Chinese cabbage can refer to two types of cabbage - the ruffled and slightly more familiar napa cabbage and bok choy, a smaller cabbage with smooth, rounded leaves. Both of these types are rather rich in protein even without cooking.
Additionally, Chinese cabbage contains plenty of vitamin A, C, K, and folate, as well as calcium and potassium. Studies also show that Chinese cabbage is rich in antioxidants, which account for its anti-inflammatory properties and the ability to lower the risk of liver cancer.
You can easily use Chinese cabbage in a salad, or enjoy it in Asian recipes, like homemade kimchi or spring rolls.
For those unfamiliar with watercress, this is a delicate leafy plant that grows in water. Watercress belongs to the cruciferous vegetable family, which also features such familiar veggies as cabbage, broccoli, and cauliflower.
The beauty of watercress lies in its very high protein content per calorie. In fact, 1 cup of watercress contains just 11 calories but 2.3 g of protein. Most of these calories - approximately 84% - come from protein. In addition to the protein, watercress will provide you with insanely high amounts of vitamin K, as well as plenty of B vitamins, vitamins A and C, calcium, and potassium.
How do you eat watercress to reap the most benefits? No need to boil it in water. Simply enjoy it raw in salads, add a handful to a wrap or sandwich, or whizz it up in a green smoothie.
Broccoli - 3.7 g (cooked), 2.6 g (raw) of protein
Cauliflower - 2.3 g (cooked), 2.1 (raw) of protein.
Speaking of cruciferous vegetables, cauliflower and broccoli contain nearly 4 g of protein and plenty of vitamin C, K, and folate too. And don’t forget that broccoli and cauliflower have potent cancer-fighting and anti-inflammatory properties to boot!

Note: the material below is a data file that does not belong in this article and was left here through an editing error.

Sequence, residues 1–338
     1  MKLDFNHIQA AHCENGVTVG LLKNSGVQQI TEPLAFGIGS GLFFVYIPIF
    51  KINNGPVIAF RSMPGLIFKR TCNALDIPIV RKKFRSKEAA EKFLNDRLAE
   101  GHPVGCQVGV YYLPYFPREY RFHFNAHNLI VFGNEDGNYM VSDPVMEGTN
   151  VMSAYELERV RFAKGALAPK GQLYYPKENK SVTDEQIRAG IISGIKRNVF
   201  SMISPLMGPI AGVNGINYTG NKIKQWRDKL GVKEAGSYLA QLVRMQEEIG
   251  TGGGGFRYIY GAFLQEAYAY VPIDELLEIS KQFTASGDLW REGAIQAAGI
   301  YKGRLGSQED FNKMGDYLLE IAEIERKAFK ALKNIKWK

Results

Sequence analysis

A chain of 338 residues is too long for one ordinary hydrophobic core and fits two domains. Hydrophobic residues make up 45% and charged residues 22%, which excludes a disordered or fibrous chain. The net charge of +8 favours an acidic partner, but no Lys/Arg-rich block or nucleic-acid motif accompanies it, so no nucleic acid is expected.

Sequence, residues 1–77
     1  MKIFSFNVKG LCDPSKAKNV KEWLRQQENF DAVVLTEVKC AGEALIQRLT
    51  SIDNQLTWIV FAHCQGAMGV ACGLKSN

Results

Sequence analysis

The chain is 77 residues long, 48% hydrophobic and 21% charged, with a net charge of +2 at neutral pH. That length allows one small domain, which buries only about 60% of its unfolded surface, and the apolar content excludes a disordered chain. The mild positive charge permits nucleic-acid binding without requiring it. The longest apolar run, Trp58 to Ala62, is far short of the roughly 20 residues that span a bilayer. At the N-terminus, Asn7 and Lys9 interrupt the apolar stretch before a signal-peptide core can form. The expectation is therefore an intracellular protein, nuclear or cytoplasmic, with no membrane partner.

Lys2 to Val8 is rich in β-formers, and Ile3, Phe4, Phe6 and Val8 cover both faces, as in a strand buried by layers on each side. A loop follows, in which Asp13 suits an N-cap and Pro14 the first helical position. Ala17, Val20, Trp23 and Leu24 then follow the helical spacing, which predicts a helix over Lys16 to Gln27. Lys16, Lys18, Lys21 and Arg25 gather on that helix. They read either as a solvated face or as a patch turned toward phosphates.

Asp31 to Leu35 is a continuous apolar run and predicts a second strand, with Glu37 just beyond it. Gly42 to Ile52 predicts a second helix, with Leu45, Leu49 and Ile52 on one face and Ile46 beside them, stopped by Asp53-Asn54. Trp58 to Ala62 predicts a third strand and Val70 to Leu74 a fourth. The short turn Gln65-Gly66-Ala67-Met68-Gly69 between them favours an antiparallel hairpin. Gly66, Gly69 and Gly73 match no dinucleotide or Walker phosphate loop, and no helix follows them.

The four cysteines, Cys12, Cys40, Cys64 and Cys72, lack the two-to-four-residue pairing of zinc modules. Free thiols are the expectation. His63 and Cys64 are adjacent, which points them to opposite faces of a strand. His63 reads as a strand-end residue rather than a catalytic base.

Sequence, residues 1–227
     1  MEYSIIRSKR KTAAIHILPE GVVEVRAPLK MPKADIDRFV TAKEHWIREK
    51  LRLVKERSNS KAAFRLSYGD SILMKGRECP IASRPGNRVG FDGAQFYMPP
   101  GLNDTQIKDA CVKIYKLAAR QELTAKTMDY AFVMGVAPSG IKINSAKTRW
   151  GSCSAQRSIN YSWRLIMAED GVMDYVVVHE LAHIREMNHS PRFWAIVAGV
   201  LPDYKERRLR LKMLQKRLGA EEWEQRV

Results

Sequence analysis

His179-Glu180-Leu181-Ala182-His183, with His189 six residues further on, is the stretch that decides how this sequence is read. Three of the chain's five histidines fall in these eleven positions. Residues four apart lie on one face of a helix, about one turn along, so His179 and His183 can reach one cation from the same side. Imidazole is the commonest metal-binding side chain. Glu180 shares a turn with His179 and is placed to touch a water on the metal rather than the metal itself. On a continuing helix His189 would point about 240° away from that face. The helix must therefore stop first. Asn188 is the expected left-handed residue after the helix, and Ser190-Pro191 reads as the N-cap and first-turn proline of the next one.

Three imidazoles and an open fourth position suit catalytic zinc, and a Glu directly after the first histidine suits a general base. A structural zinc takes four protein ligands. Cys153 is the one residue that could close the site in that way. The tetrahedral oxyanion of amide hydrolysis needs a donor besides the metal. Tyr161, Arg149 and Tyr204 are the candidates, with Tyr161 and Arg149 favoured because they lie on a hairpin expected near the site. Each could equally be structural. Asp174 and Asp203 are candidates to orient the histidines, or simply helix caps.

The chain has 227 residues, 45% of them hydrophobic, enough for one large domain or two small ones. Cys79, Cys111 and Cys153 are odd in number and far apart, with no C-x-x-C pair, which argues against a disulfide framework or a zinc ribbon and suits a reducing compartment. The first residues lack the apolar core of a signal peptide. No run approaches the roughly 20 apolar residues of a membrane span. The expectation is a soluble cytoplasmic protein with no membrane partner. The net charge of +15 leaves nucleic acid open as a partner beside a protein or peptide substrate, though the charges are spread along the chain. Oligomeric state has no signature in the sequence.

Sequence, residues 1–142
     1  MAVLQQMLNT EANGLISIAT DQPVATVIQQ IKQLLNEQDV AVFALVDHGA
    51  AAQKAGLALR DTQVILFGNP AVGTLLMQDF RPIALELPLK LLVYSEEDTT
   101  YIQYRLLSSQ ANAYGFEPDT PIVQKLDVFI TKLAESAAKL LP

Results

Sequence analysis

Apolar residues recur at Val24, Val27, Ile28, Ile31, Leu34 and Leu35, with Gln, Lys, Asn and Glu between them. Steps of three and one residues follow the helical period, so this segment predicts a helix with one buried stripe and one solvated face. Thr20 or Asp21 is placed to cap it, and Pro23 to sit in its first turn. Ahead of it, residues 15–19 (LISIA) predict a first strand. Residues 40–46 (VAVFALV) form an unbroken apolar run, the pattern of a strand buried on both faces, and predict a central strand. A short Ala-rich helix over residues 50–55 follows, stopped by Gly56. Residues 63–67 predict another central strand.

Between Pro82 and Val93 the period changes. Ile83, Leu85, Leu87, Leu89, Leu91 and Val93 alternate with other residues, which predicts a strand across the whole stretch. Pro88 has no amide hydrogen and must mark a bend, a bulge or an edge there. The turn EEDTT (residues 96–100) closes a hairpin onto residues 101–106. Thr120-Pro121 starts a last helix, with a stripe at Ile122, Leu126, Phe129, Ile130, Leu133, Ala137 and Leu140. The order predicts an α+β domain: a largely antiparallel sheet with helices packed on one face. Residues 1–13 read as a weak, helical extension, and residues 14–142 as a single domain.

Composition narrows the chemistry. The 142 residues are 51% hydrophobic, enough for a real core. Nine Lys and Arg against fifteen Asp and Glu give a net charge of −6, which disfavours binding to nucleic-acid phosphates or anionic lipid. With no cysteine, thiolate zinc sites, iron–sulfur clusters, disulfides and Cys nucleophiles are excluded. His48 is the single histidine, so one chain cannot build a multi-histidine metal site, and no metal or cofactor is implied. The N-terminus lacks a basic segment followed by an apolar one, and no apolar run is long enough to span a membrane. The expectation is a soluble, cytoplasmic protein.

Cooking will increase their protein content, but you can enjoy both vegetables cooked and raw. So, steam them and enjoy, roast them in the oven and top with olive oil and tahini, or mash them up and make Cauliflower Crust Pizza or these delicious Cauliflower Fritters - these are just a few of the many ways to prepare cauliflower or broccoli.
Shelled, steamed edamame is an excellent quick snack that’s healthy to munch at any time of the day, including late at night. Steam or boil a cup of edamame, drain, add salt, and you’ve got a delicious, filling snack.
Edamame is a real protein powerhouse, with just 1 cup of these beans containing a whopping 18 grams of protein. In case you didn't know, edamame beans are essentially young soybeans, and so like all soy products, it is rich in folate, antioxidants, vitamin K, and healthy fiber.
Young soybeans are by far not the only legumes packed with protein. Practically any legume you choose - from green peas to lentils - will provide you with more protein than any other edible plant. For more details, read this article - These 10 Beans Have the MOST Remarkable Health Benefits!
Brussels sprouts are a known weight loss food. Rich in protein, vitamin C and K, and antioxidants, a serving of brussels sprouts makes a filling and tasty addition to any main dish. Just roast them in the oven cooked with a splash of olive oil and spices until soft on the inside and slightly charred on the outside.
If you experience bloating after eating Brussels sprouts, cook them beforehand. Cooking makes them easier to digest, and it increases their protein content too.
Sweet potato (baked) - 4 g of protein
Russet potato (baked) - 7.86 g of protein.
Don’t look down on the humble potato… Sweet and regular potatoes may be high in calories, but they also contain up to 8 grams of protein per cup, and that has got to be worth something too. Depending on your tuber of choice, you’ll also be getting carotenoid antioxidants and vitamin A from yams and potassium with vitamin C from regular potatoes.
Plus, eating potatoes doesn’t necessarily equal French fries. To enjoy potatoes in their healthier form, bake and enjoy them with your favorite toppings, be it a dollop of sour cream, chopped chives, butter, or all of the above!
Artichokes may not be everyone’s cup of tea, but you should definitely give them a go if you’re interested in increasing your protein and fiber intake in one go (like when you’re losing weight). One 100-gram serving of artichoke contains equal amounts of protein and fiber. Artichokes also have vitamins A and C, as well as iron and potassium.
The vegetable has a diuretic effect, helping you with bloating and fluid retention. The type of fiber in artichokes is called inulin, which acts as a prebiotic and supports healthy gut bacteria.
Not sure how to use artichokes in cooking? Try out this Artichoke Leek Frittata recipe.
H/T: Medical News Today, Eatthis, Eating Well